Detroit urban farming entrepreneur gets 140 acres of land cheap

Detroit urban farming entrepreneur gets 140 acres of land for $520,000. That’s one very small house in Metro Vancouver.

Debate rages in Detroit about whether this is fair, a good deal for the city, a blatant land grab, or evidence of corruption at city hall. The bottom line is that while John Hantz is not exactly Mr. Community, he’s taking 1,500 out of 60,000 distressed repossessed lots off the city’s hands, promised to clean them up and starting some property tax revenues flowing. (If taxes are based on this value, the city won’t be getting much.)

Does anyone really expect this land to be permanently used for agriculture or forestry? Not likely, but the alternative for the city today is hardly desirable: let the lands stagnate, drain the city’s financial resources, add to blight, not produce any jobs. How can that be preferable to what Mr. Hantz is proposing? He’s quite open about looking at this project from a real estate lens. See my interview with him in my book.

If anyone else has a better idea, they should step forward. The good news is that there are still more than 50,000 abandoned city-owned lots available for other projects. Hantz’ model isn’t for everyone, but there’s room for everyone elsewhere in the city.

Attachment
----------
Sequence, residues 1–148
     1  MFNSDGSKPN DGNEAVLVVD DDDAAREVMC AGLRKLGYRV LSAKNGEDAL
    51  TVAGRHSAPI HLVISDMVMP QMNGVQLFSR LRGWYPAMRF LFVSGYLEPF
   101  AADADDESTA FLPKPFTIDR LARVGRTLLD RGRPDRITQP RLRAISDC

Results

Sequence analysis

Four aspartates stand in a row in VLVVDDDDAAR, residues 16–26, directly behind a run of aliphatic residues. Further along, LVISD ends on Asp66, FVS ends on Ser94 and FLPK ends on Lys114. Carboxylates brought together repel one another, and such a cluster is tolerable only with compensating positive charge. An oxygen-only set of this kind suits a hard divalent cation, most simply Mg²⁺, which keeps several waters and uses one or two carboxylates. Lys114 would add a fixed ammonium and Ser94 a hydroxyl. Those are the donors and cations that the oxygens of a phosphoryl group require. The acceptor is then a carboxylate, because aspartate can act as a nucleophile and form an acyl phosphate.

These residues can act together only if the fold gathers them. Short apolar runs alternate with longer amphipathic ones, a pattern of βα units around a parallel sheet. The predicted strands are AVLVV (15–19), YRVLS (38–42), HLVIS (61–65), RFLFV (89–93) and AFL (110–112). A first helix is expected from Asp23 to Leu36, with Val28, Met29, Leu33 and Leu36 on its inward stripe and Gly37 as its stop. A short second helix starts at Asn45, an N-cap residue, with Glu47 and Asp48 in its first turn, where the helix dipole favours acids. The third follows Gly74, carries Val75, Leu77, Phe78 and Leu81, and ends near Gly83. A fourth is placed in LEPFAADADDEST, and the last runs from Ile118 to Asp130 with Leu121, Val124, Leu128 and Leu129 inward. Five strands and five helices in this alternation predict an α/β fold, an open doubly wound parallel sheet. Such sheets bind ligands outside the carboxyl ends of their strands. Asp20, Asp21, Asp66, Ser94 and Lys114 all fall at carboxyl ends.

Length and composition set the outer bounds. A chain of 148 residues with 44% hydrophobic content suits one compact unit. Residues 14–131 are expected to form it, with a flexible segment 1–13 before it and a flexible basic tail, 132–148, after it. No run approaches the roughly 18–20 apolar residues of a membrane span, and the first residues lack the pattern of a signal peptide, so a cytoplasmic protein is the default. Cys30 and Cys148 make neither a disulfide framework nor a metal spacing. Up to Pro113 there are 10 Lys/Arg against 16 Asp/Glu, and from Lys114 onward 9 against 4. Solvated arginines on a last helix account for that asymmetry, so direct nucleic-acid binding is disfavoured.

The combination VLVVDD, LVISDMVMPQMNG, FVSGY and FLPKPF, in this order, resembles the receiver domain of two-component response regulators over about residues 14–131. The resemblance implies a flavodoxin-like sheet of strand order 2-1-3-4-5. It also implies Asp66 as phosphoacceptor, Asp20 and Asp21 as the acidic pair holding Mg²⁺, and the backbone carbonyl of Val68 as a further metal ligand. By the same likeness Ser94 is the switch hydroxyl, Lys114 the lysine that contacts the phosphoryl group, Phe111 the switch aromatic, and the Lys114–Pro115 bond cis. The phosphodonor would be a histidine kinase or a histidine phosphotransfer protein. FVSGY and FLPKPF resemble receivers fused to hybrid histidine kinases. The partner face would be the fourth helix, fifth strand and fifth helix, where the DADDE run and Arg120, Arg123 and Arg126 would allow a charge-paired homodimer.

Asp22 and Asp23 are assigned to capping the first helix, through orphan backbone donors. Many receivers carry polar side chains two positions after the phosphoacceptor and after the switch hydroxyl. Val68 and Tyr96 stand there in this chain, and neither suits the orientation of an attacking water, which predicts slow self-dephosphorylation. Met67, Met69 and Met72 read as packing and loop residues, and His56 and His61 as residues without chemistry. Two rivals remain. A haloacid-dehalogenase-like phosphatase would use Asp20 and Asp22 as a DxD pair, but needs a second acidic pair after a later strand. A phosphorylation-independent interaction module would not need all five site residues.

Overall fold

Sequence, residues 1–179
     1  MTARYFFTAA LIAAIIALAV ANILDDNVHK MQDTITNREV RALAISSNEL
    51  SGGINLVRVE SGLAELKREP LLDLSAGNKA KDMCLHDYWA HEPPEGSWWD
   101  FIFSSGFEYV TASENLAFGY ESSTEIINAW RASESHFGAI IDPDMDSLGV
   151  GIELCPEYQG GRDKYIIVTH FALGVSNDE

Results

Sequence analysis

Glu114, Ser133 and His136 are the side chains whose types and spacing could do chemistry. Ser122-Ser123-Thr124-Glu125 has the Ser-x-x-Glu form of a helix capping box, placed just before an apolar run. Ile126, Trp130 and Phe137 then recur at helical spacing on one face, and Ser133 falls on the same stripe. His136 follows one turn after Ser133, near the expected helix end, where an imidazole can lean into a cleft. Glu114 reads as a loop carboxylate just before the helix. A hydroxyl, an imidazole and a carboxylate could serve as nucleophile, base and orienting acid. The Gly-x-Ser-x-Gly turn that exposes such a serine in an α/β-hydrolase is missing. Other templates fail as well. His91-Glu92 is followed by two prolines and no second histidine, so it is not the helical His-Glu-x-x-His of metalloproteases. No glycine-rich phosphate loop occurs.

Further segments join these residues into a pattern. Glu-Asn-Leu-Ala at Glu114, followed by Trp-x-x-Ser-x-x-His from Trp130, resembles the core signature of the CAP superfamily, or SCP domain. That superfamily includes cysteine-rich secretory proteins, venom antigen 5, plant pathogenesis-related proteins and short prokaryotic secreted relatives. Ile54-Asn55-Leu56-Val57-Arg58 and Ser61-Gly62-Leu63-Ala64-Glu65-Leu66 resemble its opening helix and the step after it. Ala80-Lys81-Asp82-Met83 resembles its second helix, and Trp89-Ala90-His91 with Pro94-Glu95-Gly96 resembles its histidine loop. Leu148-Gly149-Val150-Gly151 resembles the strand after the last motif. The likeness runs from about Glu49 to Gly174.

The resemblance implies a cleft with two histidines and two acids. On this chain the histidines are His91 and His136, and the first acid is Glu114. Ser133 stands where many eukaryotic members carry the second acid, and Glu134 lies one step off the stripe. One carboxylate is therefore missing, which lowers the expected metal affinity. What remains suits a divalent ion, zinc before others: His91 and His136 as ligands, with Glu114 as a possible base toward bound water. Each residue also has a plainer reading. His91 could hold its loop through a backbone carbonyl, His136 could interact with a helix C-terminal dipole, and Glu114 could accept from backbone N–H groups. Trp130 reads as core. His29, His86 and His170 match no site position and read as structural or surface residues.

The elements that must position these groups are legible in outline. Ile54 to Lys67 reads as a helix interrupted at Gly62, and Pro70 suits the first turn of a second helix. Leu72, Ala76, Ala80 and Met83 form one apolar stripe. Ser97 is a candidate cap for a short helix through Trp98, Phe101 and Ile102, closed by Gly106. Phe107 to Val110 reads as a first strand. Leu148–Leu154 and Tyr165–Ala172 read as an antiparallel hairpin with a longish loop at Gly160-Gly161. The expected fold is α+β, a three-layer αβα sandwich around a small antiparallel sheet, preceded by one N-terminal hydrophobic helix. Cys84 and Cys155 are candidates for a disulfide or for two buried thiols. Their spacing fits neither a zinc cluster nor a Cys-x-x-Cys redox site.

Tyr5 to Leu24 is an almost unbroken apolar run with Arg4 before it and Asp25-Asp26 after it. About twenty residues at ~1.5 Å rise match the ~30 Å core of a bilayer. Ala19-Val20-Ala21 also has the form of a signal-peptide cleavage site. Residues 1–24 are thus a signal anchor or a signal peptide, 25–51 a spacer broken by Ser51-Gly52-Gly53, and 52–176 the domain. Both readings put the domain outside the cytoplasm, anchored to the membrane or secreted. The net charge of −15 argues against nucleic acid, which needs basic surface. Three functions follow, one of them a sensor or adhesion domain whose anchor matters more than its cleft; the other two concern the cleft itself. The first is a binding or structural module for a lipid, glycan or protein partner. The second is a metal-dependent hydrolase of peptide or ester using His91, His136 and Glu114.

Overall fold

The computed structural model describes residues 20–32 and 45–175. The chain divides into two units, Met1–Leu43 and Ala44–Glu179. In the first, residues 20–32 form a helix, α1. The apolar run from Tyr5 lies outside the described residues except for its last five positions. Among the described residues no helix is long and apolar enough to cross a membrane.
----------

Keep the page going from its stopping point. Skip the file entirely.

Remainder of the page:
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About Urban Food Revolution

Peter Ladner is a former Vancouver city councilor, Metro Vancouver vice-chair and business owner who is currently a weekly columnist at Business in Vancouver newspaper and a regular contributor to crosscut.com, a Seattle-based online news service. He is the author of The Urban Food Revolution: Changing the Way we Feed Cities, published by New Society in November, 2011. For the past two years he has been a Fellow at the SFU Centre for Dialogue researching, teaching and organizing public events around the theme Planning Cities as if Food Matters. He was first elected to Vancouver City Council in 2002, was re-elected in 2005 and ran for mayor in 2008. He is a former member of the TransLink Board, and was vice chair of the Metro Vancouver Board. Peter has been the publisher, president and part owner of the Business in Vancouver Media Group, which he co-founded in 1989. He has a lifelong interest in growing food. As a city councilor, he worked with the Vancouver Food Policy Council in initiating the city’s program to add 2010 food-producing community garden plots by 2010. He is vice-chair of the The Natural Step Canada, part of an international organization that advances sustainability in communities and corporations. He has a B.A. from UBC and did graduate work at the UBC School of Community and Regional Planning. He and his wife Erica have four adult children.
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